Annihilation Lasers and the First Antimatter Molecule

Author:  Charley Wang
Institution:  University of Toronto
Date:  October 2007

Imagine a laser hundreds of times more powerful than any laser known to man, an antimatter lattice that can trap even light, or a molecule that holds the secrets to the universe's greatest bias. This may seem strange, but a recent study conducted by David Cassidy and Allen Mills of the University of California Riverside, detailed the creation of dipositronium – the antimatter equivalent of hydrogen gas.

But the story begins at the birth of universe, when it is believed that equal quantities of matter and antimatter were created. However, some time during the universe's life, all the antimatter just disappeared - and we still don't know why.

Antimatter itself is very similar to matter and disappeared mysteriously shortly after the birth of the universe. In order to create antimatter molecules, the UC team collected some 20 million anti-protons and fired them into a film of porous silica (quartz). "Silica acts in effect like a useful cage, trapping positronium atoms," said Cassidy. Within this trap, positronium atoms are forced to interact with each other, thereby forming dipositronium.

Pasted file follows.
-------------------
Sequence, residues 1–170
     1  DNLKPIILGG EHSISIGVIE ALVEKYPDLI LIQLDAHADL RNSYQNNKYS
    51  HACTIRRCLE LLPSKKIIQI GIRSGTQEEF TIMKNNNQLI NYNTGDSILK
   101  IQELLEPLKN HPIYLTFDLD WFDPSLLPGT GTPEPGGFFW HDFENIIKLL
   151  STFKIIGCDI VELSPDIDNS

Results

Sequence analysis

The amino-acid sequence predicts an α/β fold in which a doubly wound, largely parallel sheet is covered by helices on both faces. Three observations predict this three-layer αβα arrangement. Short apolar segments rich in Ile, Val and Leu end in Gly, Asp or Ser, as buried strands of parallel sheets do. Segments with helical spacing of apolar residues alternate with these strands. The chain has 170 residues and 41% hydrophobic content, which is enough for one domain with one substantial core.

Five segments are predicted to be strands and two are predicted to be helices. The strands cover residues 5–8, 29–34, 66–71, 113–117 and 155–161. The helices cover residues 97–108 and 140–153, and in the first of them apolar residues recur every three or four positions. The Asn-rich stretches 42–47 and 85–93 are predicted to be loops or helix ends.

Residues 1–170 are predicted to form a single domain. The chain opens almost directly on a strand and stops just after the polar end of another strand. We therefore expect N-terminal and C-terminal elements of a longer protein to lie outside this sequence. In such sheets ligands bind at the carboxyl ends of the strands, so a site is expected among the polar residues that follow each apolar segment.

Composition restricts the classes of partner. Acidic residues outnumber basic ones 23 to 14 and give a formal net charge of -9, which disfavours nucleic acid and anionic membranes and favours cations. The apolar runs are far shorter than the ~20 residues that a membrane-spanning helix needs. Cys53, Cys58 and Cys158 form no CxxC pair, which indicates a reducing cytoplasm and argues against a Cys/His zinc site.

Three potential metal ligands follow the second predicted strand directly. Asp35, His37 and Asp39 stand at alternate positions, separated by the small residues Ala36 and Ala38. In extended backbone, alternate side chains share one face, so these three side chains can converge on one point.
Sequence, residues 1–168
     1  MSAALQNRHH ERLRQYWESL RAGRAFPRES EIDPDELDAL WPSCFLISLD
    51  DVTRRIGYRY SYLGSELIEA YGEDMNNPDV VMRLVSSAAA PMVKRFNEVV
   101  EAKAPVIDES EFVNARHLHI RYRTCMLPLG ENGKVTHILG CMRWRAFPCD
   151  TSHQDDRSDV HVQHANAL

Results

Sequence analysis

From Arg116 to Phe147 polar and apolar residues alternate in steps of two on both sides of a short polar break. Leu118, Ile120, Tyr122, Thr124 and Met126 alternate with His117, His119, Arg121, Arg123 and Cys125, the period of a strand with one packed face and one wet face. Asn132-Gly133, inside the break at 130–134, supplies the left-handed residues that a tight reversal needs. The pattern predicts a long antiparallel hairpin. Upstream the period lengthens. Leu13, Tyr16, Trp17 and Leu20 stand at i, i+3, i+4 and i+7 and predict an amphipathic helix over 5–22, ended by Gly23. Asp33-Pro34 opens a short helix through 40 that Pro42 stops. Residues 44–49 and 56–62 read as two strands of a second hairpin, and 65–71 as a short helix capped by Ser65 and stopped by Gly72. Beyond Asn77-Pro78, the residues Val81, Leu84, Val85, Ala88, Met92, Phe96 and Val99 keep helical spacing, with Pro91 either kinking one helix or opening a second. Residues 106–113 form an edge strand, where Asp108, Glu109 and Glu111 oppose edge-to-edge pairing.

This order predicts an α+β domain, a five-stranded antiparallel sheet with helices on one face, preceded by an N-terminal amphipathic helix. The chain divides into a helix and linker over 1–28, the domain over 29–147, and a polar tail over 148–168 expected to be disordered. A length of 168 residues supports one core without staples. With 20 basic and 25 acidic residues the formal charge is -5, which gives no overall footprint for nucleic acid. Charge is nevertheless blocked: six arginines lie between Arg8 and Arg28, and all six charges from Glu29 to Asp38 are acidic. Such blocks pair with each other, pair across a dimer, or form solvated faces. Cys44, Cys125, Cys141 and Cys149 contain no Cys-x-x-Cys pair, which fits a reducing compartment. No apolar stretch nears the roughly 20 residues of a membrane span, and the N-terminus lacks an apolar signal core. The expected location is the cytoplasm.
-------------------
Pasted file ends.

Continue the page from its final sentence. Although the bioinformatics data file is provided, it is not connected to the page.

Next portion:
The creation of this small, short-lived molecule has many resounding implications.

First, it opens the door for exploration of antimatter chemistry. Do these mirror particles bond the same way, or are they somehow different? The answers we find could help us understand the matter that dominates the universe.

Second, increasing the density of the dipositronium could create an antimatter Bose-Einstein Condensate (BEC). A BEC is a collection of atoms so low in energy that they act like one giant atom, so dense that not even light can escape.

Finally, Cassidy and Mills believe that destroying an antimatter BEC can release a powerful burst of energy - a gamma ray annihilation laser hundreds of times more powerful than anything we have developed to date.

According to Cassidy, "A gamma-ray laser is the kind of thing that if it existed people would find new uses for it every day."

This technology is still distant, but the techniques used by Cassidy and his UC team are a huge step forward.

Author - Charley Wang

Reviewed by: Dennis Jiang

Published by: Konrad Sawicki